Life Care Center of Port Townsend, Washington, is happy to introduce Miriam Karcocher, NAC restorative aide.
Miriam has been working as an aide in this facility for 27 years; she walked through the front doors for the first time on Sept. 13, 1988. She came to Port Townsend looking for a fresh start and eventually saw an ad in the “Leader” for a receptionist. Given that receptionist work was her experience in the U.S. Army, she made the effort to land the job. Upon applying, she found out that the advertised position had been filled. The receptionist, however, offered her an NAC class application.
“At that time, I didn’t know what was an NAC was,” remembered Karcocher. “That day was my first time in a nursing home, and the environment was scary for me; I was new and inexperienced, but I had two children to raise.”
Karcocher spent four weeks in the class, passed state tests and became certified. She was hired and began working the 6 a.m. to 2 p.m. shift. Her plan was to work at this facility for only a year, but as time moved forward, so did Karcocher. She was offered a position as restorative aide only three years after she started working at Life Care Center of Port Townsend. She completed her restorative aide training at Good Samaritan Hospital in Puyallup, Washington, and has been helping residents with relearning activities of daily living since 1991.
When asked what kept her in this position, Karcocher remarked: “It is the closeness I began to feel with the residents. We began talking, and I began to learn their history. I learned how to love each and every resident who has come through this building. After I had been working here six years, my mother passed away. That is when this place truly became my home. After going through the experience of losing my mother, I took every opportunity to give to the residents the love and attention I could no longer give my mother, and through that, this place is where I felt acceptance.”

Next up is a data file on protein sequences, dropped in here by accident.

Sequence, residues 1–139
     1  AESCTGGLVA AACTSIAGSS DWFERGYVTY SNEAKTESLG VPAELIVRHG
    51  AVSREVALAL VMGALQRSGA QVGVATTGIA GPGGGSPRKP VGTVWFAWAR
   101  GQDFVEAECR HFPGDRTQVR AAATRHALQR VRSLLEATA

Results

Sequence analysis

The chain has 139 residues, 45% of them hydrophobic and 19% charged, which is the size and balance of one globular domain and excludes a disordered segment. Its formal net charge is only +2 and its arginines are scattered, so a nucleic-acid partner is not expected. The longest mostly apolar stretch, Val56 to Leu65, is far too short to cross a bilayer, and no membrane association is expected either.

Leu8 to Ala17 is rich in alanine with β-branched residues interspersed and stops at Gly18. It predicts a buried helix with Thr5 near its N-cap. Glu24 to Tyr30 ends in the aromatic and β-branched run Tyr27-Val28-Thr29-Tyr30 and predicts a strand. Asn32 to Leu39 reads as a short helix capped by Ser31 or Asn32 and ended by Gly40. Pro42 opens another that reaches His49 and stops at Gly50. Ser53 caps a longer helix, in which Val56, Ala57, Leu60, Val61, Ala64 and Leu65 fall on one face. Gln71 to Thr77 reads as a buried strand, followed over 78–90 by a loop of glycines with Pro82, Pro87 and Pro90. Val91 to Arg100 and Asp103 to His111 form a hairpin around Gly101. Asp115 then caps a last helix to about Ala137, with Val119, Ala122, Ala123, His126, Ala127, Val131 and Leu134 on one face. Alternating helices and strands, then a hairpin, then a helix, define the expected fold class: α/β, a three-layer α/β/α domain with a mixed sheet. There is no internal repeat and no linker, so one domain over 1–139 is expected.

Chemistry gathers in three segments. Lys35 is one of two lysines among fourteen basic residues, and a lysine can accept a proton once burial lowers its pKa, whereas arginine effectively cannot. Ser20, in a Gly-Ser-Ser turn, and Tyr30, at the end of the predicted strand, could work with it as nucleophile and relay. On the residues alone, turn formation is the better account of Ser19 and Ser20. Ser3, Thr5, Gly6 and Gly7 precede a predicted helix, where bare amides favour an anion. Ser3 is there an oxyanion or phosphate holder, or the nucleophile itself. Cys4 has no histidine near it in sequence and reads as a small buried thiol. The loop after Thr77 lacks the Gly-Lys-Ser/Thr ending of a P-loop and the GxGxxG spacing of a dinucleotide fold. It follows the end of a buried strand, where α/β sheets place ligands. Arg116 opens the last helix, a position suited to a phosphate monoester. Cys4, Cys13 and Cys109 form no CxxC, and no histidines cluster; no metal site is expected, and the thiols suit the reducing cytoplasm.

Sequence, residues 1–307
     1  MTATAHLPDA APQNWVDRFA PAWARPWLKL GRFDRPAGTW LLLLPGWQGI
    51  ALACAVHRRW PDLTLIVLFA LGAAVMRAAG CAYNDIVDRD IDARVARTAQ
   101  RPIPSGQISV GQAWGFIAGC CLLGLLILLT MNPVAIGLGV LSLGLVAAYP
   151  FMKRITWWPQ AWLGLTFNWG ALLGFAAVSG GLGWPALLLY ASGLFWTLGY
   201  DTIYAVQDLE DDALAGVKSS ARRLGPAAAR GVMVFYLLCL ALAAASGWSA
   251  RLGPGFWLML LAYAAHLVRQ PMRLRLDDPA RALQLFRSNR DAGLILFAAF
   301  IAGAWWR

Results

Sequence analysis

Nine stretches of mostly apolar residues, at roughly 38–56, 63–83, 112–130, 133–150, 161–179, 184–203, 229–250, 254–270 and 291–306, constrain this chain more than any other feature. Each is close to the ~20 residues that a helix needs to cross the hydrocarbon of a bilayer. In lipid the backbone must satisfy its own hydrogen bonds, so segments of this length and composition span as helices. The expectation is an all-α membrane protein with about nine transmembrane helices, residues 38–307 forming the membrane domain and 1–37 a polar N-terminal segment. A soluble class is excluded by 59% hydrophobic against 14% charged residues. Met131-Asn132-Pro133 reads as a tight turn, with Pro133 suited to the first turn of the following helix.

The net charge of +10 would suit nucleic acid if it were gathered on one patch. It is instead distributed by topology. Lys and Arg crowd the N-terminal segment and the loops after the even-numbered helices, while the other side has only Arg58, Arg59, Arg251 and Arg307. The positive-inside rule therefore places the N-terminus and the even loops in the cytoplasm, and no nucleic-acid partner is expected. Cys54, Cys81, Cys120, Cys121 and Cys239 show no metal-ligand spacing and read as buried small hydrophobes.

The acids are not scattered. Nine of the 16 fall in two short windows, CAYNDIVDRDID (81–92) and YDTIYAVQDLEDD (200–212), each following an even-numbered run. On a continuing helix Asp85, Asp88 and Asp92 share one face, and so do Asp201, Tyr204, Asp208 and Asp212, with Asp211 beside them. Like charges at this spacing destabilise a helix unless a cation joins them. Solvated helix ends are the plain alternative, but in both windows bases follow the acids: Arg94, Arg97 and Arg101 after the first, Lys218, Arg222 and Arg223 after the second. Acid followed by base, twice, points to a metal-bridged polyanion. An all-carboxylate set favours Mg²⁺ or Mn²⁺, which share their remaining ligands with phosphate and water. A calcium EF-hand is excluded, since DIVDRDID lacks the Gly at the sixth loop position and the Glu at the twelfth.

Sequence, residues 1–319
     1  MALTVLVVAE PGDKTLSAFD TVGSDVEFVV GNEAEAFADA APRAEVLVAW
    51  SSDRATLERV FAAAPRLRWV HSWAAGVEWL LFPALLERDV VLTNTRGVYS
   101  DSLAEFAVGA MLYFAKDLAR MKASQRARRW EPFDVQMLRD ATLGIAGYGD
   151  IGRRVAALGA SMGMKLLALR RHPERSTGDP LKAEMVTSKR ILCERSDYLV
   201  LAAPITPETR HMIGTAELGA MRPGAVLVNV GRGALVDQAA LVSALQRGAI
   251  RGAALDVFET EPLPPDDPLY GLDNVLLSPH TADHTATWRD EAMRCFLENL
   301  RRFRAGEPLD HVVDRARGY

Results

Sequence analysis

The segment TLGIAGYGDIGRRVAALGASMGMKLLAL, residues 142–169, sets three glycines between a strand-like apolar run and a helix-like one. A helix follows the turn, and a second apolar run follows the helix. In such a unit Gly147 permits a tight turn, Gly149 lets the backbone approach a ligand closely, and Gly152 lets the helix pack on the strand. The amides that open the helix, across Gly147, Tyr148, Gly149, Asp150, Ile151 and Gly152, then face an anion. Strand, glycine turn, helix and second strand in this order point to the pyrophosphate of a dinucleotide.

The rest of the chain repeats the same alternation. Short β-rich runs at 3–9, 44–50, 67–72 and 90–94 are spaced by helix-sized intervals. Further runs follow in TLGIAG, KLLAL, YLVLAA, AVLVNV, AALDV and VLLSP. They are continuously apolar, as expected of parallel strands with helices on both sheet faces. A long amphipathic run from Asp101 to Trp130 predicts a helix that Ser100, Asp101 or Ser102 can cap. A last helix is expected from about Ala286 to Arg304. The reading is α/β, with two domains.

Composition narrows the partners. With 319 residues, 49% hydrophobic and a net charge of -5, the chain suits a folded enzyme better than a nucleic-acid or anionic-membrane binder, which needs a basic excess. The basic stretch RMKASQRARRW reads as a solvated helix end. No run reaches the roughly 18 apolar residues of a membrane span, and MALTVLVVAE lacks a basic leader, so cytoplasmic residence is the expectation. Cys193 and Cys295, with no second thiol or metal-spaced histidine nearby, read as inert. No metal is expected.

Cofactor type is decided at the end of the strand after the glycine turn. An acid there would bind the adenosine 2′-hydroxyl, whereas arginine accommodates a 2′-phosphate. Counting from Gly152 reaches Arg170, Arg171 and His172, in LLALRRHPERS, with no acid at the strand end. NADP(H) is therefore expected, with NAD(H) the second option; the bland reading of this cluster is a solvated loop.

Karcocher describes the joys of her career as seeing the restoration of the residents, being able to interact with them and getting to know who they are, such as their weaknesses and strengths and what makes them happy or sad.
“Through it all, I’ve learned from the residents,” said Karcocher. “Working in this field has rewarded me with passion for people, and it has truly shaped me into who I am today.”